Ending the Crisis of Our Time
When your mission is to end homelessness in California, watching the number of unsheltered people continue to climb across the state can be daunting.
In Santa Barbara alone, nearly 2,000 people live without shelter, as evidenced by the number of encampments cropping up along railroad paths, roadsides, and waterfronts throughout the county. When she took over as CEO of PATH (People Assisting the Homeless) at the beginning of 2022, Jennifer Hark Dietz was conscious that to truly end homelessness, you also have to work to prevent it.
“At PATH, I feel we are capable of doing both,” Dietz says. “We can help an individual who is on the street find shelter and at the same time, we can focus on changing the system to prevent homelessness from happening at all.”
In 2021, PATH co-sponsored a state bill that would have provided funding for individuals who were incarcerated for minor offenses to get connected to a housing resource upon their release. The legislation was inspired by data from PATH’s advocacy arm. Their data showed that recidivism decreases significantly when a release from prison is linked to a housing resource and case manager. The bill didn’t pass, but PATH will not give up on pushing it again.
“I’m most proud of PATH using our data to really inform our advocacy,” Dietz says. “That is what will change the system.”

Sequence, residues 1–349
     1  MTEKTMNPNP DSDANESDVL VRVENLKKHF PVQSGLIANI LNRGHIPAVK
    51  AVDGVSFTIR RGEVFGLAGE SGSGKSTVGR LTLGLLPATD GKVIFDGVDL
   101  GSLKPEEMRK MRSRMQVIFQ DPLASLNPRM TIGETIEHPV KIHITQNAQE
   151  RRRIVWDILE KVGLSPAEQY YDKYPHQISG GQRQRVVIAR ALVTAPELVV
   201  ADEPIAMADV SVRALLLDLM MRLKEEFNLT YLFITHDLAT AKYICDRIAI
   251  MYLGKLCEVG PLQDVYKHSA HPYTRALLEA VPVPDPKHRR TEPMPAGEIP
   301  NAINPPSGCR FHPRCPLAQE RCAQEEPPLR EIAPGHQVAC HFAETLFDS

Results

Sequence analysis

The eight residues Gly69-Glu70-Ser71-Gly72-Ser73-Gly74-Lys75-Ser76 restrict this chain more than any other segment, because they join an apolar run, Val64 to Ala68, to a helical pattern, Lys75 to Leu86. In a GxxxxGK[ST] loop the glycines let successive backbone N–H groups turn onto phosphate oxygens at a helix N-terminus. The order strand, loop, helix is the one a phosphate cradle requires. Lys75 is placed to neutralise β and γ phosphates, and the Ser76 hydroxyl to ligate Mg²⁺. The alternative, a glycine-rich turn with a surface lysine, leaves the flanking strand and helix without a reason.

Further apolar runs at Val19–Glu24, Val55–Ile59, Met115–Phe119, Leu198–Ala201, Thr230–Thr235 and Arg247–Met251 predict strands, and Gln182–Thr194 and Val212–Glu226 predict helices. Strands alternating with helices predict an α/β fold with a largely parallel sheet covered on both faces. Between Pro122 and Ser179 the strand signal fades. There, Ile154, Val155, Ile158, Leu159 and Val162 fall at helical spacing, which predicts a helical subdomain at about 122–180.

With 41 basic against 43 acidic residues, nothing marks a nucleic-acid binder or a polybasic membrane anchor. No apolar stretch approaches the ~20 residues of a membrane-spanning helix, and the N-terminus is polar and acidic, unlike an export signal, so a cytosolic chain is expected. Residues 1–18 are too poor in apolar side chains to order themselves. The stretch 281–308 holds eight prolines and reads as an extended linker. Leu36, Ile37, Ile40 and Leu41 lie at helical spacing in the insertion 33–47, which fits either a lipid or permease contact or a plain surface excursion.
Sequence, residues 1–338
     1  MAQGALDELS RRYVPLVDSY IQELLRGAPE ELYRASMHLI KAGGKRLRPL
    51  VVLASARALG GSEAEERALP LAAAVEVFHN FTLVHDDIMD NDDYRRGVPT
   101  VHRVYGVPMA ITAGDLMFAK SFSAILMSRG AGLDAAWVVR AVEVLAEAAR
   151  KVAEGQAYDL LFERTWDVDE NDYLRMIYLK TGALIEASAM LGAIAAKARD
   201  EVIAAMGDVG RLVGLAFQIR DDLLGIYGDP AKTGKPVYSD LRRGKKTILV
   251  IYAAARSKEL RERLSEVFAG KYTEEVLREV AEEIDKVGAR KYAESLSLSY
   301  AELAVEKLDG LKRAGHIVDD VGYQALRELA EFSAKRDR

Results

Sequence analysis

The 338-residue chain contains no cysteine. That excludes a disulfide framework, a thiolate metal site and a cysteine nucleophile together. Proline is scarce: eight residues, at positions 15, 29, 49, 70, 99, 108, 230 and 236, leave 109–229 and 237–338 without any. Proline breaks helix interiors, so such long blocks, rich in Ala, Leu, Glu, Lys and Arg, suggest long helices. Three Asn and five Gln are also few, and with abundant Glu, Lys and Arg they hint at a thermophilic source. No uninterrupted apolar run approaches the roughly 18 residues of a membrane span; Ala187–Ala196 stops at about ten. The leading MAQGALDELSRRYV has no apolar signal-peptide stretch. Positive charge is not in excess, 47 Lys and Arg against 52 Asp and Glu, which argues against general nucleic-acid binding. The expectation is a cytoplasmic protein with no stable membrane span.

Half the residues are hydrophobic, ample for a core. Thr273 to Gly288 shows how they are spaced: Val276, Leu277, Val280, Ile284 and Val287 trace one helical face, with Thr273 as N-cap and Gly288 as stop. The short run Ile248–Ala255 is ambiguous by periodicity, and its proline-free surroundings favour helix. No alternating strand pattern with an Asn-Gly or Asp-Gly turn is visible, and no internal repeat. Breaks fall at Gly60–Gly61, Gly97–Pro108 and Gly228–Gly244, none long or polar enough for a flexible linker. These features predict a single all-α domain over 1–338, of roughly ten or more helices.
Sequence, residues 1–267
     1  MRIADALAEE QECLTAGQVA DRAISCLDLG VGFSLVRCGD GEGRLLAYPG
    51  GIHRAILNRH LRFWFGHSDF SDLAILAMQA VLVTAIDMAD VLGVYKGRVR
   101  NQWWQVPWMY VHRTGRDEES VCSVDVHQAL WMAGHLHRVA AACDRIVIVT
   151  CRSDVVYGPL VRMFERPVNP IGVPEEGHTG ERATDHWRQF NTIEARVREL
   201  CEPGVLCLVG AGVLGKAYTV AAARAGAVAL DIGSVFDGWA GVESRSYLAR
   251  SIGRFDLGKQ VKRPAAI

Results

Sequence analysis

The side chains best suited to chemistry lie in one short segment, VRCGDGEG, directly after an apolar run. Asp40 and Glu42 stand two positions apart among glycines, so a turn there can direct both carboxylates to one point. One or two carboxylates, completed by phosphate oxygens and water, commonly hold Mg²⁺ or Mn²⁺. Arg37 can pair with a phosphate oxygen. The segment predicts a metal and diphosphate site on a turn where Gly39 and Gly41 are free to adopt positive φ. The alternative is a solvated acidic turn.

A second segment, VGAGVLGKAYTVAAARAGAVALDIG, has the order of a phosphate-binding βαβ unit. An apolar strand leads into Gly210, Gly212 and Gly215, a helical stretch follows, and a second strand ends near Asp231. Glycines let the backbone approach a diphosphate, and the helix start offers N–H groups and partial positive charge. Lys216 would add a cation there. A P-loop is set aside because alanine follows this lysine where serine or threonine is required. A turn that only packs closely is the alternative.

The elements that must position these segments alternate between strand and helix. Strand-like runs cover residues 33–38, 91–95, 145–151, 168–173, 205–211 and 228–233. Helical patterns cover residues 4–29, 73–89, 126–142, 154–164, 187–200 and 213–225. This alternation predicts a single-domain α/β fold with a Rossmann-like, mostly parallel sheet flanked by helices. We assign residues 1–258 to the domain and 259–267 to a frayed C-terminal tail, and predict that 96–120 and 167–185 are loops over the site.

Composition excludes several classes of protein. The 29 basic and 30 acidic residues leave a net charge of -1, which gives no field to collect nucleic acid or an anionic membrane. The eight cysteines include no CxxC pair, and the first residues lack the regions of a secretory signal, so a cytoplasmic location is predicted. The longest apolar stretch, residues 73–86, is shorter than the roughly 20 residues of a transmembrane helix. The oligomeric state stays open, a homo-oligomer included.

Alongside its tireless policy advocacy, PATH continues to do what it does best: help people find permanent homes and support them with medical and mental healthcare and employment training support to ensure they remain stable.
Across California, PATH serves more than 25,000 vulnerable individuals each year. In Santa Barbara, PATH serves half of the county’s homeless population, and they permanently housed 65 people in the last year. Attracting resources to Santa Barbara’s homelessness crisis is a top priority for the organization.
“In Santa Barbara, we recognize that the chronicity of the individuals we serve is very high, so the needs of our participants are also very high,” Dietz says.
PATH Santa Barbara Regional Director: Elizabeth (Liz) Adams
Our mission is to end homelessness for individuals, families, and communities. PATH envisions a world where every person has a home. Our values include creative collaborations, strategic leadership, empowerment for all, and passionate commitment.
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This is what enjoying your own home looks like! Now that Lexy has her very own apartment, she has been enjoying hobbies like crocheting and painting. “Looking back, I know I’m a strong woman after living on the riverbed and facing many challenges. Connecting with PATH and moving into this apartment has restored my sense of hope for my family and me, for that I am thankful.
Creating a PATH to Permanent Housing
The homeless crisis in Santa Barbara County is chronic and for 2024, PATH’s overall fundraising goal is $500,000 – $650,000. PATH Santa Barbara’s Outreach Program promises an even more proactive street-level mission. Being able to add a van would provide PATH’s outreach worker much-needed mobility in the field and adds another $150,000 to the PATH needs list.
“What we’re advocating for is a bit more flexibility so that we can meet people where they are,” says Jennifer Hark Dietz, PATH CEO.
Ron & Carole Fox
Denny & Bitsy Bacon
Don & Kelley Johnson
Mike & Fran Lewbel